You started acting at quite a young age?
Yeah, my dad's a stunt guy. I did bits and pieces going through school - nothing major. My brother got this film called Fever Pitch. He's not an actor any more but he played 'Colin Firth when he was younger'. I can remember going to the set and falling in love with Colin Firth.
I left school just before my A Levels to do a show called The Mysti Show, which was a Saturday morning TV show. I was half fairy, half human. It was really very good, ha ha. After that, I haven't got any A Levels, so I thought "ah, well I'd better be an actor now..."
Has your dad taught you any stunt skills?
When I was a kid he used to try and push us out of a window on to a crash mat. But, no, he hasn't really taught me any stunts, but I'm always aware he's going to watch anything with action in it so - like with this - I was covered in bruises head to toe by the end. Because, any time we had to do anything where we're supposed to throw ourselves around, I thought "well I've got to do it for real otherwise he's going to watch it and go, 'right let's just watch this back Laura... here, rubbish!'"
There's a lot of belt buckles to the floor - you're being shot at so you've got to throw yourself to the floor!
Have you any thoughts of returning to do another studio sitcom?
I've been watching The Comeback in which Lisa Kudrow does a studio sitcom which goes really bad for her, but it's making me want to do one! Yeah, so if something came up that's good I'd definitely be interested. The hours are amazing too, because you literally work 9 to 5!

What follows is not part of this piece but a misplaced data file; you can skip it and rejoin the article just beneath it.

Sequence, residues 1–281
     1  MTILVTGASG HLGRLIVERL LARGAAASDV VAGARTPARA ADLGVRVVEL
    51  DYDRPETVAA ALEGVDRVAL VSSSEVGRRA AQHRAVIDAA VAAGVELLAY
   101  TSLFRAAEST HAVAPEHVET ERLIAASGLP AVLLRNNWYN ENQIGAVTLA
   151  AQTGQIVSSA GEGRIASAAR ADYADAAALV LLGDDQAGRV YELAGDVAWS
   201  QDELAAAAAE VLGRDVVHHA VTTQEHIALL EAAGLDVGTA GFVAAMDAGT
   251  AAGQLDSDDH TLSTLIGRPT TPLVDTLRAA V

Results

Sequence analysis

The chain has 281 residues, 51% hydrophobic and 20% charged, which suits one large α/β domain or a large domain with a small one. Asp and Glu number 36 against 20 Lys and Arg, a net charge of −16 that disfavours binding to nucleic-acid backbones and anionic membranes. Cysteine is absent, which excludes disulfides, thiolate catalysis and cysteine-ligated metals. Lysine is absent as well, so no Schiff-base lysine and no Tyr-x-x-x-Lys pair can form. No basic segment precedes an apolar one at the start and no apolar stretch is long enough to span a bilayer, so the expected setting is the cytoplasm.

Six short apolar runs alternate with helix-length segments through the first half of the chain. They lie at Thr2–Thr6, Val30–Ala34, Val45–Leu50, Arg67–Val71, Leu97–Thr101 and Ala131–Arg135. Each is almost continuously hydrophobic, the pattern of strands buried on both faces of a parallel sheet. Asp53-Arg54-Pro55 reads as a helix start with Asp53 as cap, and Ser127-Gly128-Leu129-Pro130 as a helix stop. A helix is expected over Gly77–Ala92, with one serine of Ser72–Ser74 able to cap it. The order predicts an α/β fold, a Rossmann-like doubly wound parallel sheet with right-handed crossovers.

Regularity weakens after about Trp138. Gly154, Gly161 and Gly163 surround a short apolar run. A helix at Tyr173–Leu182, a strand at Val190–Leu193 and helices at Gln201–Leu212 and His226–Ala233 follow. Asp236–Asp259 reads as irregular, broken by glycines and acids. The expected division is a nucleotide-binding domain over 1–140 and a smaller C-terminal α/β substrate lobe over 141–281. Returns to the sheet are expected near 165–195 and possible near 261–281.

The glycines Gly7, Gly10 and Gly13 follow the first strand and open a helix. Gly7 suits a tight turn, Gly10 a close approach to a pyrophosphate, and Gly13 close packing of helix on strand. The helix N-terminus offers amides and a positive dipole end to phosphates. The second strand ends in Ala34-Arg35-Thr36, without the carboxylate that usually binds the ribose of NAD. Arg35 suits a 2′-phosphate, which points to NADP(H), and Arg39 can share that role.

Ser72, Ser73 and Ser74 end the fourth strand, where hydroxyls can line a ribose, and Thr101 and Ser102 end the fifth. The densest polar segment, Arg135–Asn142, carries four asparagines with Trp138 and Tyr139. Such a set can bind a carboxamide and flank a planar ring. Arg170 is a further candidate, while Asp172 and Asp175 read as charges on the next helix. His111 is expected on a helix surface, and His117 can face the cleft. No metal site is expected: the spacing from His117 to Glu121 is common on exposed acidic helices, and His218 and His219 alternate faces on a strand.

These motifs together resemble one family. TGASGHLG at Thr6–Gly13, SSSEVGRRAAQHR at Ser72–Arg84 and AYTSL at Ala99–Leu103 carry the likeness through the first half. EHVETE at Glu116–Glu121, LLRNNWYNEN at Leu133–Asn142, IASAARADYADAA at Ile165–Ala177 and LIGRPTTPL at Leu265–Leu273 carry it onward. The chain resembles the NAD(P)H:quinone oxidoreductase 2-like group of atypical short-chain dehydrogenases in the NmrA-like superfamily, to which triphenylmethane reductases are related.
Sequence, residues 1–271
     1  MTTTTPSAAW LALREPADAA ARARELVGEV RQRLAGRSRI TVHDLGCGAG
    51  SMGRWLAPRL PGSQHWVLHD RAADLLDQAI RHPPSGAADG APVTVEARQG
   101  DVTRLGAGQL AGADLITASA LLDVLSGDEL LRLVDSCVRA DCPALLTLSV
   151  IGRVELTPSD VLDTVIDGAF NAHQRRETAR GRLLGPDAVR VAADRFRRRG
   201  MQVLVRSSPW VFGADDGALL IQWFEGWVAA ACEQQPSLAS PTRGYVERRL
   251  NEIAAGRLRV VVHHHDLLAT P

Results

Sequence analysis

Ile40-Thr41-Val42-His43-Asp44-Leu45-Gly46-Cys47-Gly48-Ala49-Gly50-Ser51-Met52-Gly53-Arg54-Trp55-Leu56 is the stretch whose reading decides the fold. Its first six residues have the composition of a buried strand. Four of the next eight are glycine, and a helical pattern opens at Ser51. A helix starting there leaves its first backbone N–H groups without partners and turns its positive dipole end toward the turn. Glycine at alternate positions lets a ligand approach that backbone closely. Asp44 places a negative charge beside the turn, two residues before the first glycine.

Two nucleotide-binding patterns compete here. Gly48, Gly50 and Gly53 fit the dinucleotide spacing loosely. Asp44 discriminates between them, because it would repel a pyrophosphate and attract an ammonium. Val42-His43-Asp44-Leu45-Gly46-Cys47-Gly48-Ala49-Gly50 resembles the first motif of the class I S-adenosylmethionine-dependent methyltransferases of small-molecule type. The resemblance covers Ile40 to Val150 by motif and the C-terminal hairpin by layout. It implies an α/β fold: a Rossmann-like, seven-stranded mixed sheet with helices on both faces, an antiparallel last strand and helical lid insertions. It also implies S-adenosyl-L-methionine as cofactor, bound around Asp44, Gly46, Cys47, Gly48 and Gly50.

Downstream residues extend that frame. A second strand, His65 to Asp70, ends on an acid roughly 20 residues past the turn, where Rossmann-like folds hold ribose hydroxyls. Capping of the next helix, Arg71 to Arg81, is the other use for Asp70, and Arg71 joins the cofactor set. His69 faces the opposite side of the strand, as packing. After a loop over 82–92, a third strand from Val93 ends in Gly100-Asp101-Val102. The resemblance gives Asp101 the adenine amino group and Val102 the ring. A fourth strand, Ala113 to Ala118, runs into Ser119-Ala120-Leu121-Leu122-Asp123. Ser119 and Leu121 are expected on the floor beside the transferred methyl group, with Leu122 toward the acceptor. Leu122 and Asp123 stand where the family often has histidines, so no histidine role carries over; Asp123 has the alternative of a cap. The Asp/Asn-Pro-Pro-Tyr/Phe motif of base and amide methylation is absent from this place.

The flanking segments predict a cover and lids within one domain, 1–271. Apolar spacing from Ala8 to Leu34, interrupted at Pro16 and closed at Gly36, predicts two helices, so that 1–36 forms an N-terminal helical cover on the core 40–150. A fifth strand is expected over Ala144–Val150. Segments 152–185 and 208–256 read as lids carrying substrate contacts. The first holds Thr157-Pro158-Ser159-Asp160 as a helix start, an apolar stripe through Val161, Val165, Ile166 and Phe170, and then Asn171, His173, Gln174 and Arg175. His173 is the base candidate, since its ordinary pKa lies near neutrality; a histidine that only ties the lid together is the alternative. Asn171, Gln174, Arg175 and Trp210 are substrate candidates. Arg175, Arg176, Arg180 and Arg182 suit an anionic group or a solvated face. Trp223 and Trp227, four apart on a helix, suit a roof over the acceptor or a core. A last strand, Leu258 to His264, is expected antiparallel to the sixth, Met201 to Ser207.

My dad does some of the stunts on Mrs Brown's Boys actually, and he'll come back and say "I've jumped on a Christmas tree". Actually, he [star Brendon O'Carroll] does all of his own stunts, but my dad shows him how to safely do whatever he has planned.
What's next for you?
The Job Lot is going again, so I'll be doing that, but not until later in the year so I've got a little break. That is such a nice job to do as well, with brilliant, brilliant actors in it. Everyone is so funny in that show, so that's a really nice job to work on.
It appears the unit's time in Afghanistan is coming to an end. Could the show stretch to another series?
Obviously they have to do what is realistic for actual life, because there is that element of truth in the conflict, so I think it's fine to say they're leaving [Afghanistan]. Hopefully there will be another interesting thing. There's so much scope, and the writers have so many ideas for other things that the team could do.
BBC Three looks set to go online, so if there was another series...
I guess everyone had this initial reaction of "nooo, there won't be any more jobs" but then, if you think about it; I watch Netflix, I watch Amazon Prime. I do watch stuff online, so I think it's fine. I think it was a bit of a scary panic at the beginning but I'm sure that is the direction that probably everything is going, so I don't think it is a cause for concern.
So if 'Bluestone 42 4' was online only, you'd still come back?
For sure! Yeah, I loved it. "Best holiday ever!" Ha ha.
Bluestone 42 is on BBC Three on Mondays at 10pm, and repeated on BBC Two on Sundays at 10pm